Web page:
Hosted by the Center of Social and Economic Law Studies (CEDES) and the Brazilian Administrative Council for Economic Defense (CADE), the event brought together legal experts and representatives from the private sector, competition authorities, and national and international organizations.
The two-day seminar entitled “Compliance and the Defense of Competition” discussed practical tools to help companies comply with existing legislation, particularly in light of the rapid progression of the CADE and Brazilian antitrust community. It focused extensively on the topic of compliance programmes as Brazil is expected to issue its own guidelines soon.
Both private sector and agency speakers recognized the ICC Antitrust Compliance Toolkit as an invaluable benchmark for corporate compliance initiatives, serving the antitrust community worldwide. Discussions underlined the value of an exchange of information between agencies and their stakeholders, which could lead to a better understanding of how to manage competition compliance.
Much attention was also given to SMEs, noting that they deserve particular consideration as limited resources make it harder to develop and embed a successful competition culture. Simone Pieri, one of the key contributors to the ICC Antitrust Compliance Toolkit and member of the Task Force on Compliance and Advocacy, spoke on a panel addressing “Building effective compliance programmes”. He announced that ICC will soon be rolling out an SME version of the Toolkit that will be even more concise and catered to the needs of SMEs.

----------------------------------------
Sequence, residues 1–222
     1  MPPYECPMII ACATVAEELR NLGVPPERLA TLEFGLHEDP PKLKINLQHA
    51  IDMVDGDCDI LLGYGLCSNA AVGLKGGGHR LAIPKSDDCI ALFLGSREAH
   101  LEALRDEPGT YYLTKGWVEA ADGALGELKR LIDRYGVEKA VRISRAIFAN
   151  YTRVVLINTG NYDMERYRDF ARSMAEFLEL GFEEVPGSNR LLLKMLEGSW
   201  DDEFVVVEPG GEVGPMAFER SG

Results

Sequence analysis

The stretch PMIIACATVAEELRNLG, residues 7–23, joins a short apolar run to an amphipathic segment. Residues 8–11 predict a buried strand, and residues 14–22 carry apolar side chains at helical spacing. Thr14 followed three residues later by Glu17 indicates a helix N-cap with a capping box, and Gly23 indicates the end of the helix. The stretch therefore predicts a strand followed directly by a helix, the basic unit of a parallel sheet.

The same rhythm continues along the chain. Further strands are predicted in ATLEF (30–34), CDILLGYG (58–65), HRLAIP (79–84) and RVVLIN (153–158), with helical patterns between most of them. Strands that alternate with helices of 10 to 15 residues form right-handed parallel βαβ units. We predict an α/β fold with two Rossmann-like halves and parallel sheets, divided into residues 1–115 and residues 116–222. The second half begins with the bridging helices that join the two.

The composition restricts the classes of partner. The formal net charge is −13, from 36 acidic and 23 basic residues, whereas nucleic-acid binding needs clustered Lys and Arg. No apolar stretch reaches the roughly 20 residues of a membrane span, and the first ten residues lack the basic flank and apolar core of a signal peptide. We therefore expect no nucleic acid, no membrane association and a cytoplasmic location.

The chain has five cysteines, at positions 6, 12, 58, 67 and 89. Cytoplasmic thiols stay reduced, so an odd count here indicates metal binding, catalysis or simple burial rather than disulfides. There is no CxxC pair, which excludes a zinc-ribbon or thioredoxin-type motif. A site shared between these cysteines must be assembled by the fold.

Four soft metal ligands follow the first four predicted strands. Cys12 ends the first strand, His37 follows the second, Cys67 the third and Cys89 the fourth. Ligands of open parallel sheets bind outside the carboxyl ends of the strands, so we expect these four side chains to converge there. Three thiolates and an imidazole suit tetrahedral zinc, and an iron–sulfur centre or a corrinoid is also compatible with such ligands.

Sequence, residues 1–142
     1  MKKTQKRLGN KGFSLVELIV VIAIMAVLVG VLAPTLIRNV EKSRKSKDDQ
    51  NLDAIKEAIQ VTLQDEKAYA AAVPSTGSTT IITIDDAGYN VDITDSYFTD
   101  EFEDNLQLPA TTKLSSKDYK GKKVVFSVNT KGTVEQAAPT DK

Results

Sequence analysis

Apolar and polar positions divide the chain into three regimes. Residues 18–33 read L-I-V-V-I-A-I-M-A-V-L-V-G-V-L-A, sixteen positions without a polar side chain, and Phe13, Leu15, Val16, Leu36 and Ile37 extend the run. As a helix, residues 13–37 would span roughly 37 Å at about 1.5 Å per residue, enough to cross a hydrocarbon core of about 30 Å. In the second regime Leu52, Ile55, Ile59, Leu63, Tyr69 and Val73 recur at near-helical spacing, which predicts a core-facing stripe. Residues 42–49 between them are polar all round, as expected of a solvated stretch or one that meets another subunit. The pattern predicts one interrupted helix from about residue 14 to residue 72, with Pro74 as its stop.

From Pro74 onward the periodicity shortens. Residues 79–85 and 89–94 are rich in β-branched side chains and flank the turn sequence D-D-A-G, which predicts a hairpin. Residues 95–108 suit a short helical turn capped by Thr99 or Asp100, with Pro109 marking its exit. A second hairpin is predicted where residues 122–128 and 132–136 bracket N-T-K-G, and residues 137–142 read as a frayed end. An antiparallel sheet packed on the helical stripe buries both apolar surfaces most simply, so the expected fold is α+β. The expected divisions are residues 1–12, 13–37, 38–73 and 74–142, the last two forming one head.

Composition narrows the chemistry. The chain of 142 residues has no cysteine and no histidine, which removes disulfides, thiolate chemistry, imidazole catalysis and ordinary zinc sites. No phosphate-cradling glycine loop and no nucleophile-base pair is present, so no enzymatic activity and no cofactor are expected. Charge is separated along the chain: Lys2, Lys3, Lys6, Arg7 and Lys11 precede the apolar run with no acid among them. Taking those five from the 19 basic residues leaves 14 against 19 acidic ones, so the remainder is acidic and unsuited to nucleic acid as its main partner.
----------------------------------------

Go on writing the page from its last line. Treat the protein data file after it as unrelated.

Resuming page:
Mr Pieri said: “I am very pleased to introduce the ICC Antitrust Compliance Toolkit to the antitrust community in Brazil. The reaction from the audience has been overwhelmingly positive.”
As for the promotion of a competition culture, it was acknowledged that companies and lawyers have an important role to play. Speakers stressed that competition agencies should also promote competition culture through their decisions. However, it was made clear that the effectiveness of compliance programmes is not found in the companies’ intentions, but rather in concrete results.
Lastly, the need to promote the globalization of competition compliance legislation and build international consensus and coherence on how to treat compliance programmes garnered considerable attention from participants.
The ICC Commission on Competition gathers over 300 experts on competition law, including legal advisors from industrial and commercial enterprises and lawyers in private practice, from 40 countries. The Commission launched the Task Force on Antitrust Compliance and Advocacy in 2011, an initiative that has developed practical toolkits on antitrust compliance and contributes to deepening the discussion and thought leadership with all stakeholders.
For more information visit ICC Commission on Competition.
Download a copy of the ICC Antitrust Compliance Toolkit.